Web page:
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Duwamish Tribe wins federal recognition on January 19, 2001, but loses it again two days later. Essay 2951 : Printer-Friendly Format

On January 19, 2001, the Duwamish Tribe wins federal recognition. However, fewer  than 48 hours later, the tribe learns that President George W. Bush has suspended a batch of President Clinton's 11th-hour orders, including federal recognition of the Duwamish. The Duwamish were the indigenous inhabitants of the Seattle area. They have been seeking recognition since 1979, when U.S. District Judge George Boldt (1903-1984) found that the tribe had not existed continuously as an organized tribe (within the meaning of federal law) from 1855 to the present, and was therefore ineligible for treaty fishing rights.

A 10-year gap in the record (from 1915-1925) prompted Boldt's decision as well as a denial of recognition by the Bureau of Indian affairs in 1996. The tribe has assembled additional evidence for its active existence through the decade in question, which prompted the Bureau of Indian Affairs to reverse its 1996 decision. The Duwamish, including Chief Seattle (178?-1866), for whom Seattle is named, were among the signers of the Point Elliott treaty, signed on January 22, 1855, and ratified by the United States Senate in 1859. The treaty guaranteed both fishing rights and reservations.

Seattle's Indigenous People

Chief Seattle and other members of the Duwamish Tribe greeted new settlers when they arrived in 1851, and provided guides, canoe transportation, and other aid (labor for Henry Yesler's first sawmill, potatoes that the Duwamish grew near Renton), which enabled the settlers to survive and to thrive. Chief Seattle's mother was Duwamish and his father was Suquamish. He built an alliance between the two tribes. The Duwamish Tribe occupied at least 17 villages near Elliott Bay, Duwamish River, Black River (which no longer exists), Lake Washington, and Lake Sammamish.

The Duwamish signers of the Point Elliott Treaty were Chief Seattle, and Duwamish sub-chiefs Ts'huahntl, Now-a-chais, and Ha-seh-doo-an.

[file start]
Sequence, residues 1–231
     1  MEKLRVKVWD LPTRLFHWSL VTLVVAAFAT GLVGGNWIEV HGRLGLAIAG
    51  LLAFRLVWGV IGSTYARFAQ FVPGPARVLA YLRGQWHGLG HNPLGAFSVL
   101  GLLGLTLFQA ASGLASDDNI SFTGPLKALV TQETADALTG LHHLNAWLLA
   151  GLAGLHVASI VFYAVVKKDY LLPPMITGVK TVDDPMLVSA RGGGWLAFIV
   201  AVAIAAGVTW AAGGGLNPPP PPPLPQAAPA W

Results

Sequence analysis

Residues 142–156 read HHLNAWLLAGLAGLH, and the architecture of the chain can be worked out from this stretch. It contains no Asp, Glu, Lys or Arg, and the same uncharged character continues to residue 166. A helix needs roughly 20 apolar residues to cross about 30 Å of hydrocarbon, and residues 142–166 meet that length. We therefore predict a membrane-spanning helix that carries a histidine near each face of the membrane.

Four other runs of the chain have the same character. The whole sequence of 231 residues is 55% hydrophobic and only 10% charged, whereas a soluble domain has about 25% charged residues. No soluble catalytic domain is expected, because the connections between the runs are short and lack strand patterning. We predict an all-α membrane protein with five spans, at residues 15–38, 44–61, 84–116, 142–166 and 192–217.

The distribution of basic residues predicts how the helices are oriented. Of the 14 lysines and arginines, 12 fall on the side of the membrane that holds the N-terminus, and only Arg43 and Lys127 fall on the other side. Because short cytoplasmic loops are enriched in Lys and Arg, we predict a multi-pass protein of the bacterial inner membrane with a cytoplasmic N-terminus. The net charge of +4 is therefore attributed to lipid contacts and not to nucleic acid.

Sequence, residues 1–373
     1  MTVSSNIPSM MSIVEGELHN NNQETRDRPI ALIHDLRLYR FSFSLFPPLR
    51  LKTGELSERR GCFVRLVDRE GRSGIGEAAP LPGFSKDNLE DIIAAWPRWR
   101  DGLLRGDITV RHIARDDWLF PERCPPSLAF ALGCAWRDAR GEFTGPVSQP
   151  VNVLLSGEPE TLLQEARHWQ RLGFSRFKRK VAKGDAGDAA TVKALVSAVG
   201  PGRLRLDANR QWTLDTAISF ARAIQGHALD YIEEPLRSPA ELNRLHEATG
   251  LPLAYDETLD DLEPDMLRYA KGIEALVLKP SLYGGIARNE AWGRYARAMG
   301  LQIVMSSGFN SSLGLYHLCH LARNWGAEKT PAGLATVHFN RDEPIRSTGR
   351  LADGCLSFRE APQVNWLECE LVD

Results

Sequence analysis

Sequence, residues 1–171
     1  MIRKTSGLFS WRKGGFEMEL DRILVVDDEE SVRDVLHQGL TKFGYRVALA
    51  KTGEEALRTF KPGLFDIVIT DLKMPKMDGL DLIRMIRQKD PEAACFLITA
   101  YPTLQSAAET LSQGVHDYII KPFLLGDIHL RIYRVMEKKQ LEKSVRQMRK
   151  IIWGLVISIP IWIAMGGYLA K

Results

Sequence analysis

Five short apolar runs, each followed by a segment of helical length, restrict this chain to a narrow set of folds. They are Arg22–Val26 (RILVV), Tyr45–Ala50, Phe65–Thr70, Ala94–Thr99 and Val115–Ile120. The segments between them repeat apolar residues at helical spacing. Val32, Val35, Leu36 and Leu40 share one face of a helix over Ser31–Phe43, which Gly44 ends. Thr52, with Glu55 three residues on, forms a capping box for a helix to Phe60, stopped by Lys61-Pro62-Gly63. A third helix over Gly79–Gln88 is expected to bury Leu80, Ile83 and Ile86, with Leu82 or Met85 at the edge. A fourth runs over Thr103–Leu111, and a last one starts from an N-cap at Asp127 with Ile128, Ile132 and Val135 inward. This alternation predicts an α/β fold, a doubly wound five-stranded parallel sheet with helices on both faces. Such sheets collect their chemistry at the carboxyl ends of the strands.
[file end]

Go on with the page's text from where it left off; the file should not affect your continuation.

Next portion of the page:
The Duwamish of Renton

The tribe, when recognized, will be known as the Duwamish of Renton. There are 560 members. Tribal Chairwoman Cecile Hansen said that the first focus will be to build a cultural center -- a traditional longhouse on the Duwamish River. Hansen is the great-great niece of Princess Angeline or Kikisoblu (1820?-1896), who was the eldest daughter of Chief Seattle.

The 1996 decision against the tribe had to do with a 10-year gap in records for the decade 1915 to 1925, which made a break in the continuous existence requirement (within the meaning of federal law) for tribal recognition. The tribe carried out additional work to assemble evidence for that 10-year period, from Catholic church records, news reports, oral histories, and further tracing of bloodlines. Ken Tollefsen, a retired Seattle Pacific University anthropologist, helped to assemble the additional data.

The Department of Interior's Bureau of Indian Affairs branch of Acknowledgement and Research recognized the Duwamish Tribe the day before the inauguration of George W. Bush as president. It was thus one of the last acts of the Clinton administration. Fewer than 48 hours later, the tribe learned that President Bush suspended a batch of his predecessor's 11th-hour orders, including federal recognition of the Duwamish.

In September 2001, in a "notice of final determination," tribal status was denied. The Bureau of Indian Affairs said the Duwamish failed to meet all seven required criteria for recognition: It wasn't identified as having a continuous history from early times to today and hasn't maintained a political authority.

Tribal chairwoman Cecile Hansen insisted, "The decision that came down in January was the right decision. We fulfilled all the criteria and they're the ones that dropped the ball. We have known and felt the effects of 20 years of administrative inaccuracies, delays and the blasé approach in effectively handling and fairly processing the Duwamish petition" (Gilmore).

Hector Castro and Mike Barber, "After Decades, Duwamish Tribe Wins Federal Recognition," Seattle Post-Intelligencer January 20, 2001, (; Bernard McGhee, "Duwamish Tribe Wins Recognition," The Seattle Times, January 20, 2001, (; Bureau of Indian Affairs, "BIA Issues Final Determination on the Recognition of the Duwamish Tribal Organization," News Release, January 19, 2001 (; Sara Jeanne Greene, "Chief Seattle's Tribe Clings to its Identity," The Seattle Times, June 18, 2001 (; Susan Gilmore, "Duwamish Denied Tribal Status," Ibid., September 29, 2001 ( localnews/134347559_duwamish29m.html).
Note: This essay was revised on August 3, 2001, and corrected on October 7, 2011.

Travel through time (chronological order):
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Related Topics: Northwest Indians | Government & Politics |

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Major Support for Provided By: The State of Washington | Patsy Bullitt Collins | Paul G. Allen Family Foundation | Museum Of History & Industry | 4Culture (King County Lodging Tax Revenue) | City of Seattle | City of Bellevue | City of Tacoma | King County | The Peach Foundation | Microsoft Corporation, Other Public and Private Sponsors and Visitors Like You

Cecile Hansen, chairwoman of the Duwamish Tribe beside gravestone of Princess Angeline (or Kikisoblu), April 19, 2003 Photo by Priscilla Long

Duwamish westcoast canoe for travel in salt water, and cedar long house, Cedar River, 1893
Courtesy University of Oregon Library, Special Collections (Neg. AD 1418)

Portrait of Angeline, Kikisoblu (1820?-1896), daughter of Chief Seattle, Seattle

United States District Court Judge George H. Boldt (1903-1984)
Courtesy Washington State Secretary of State

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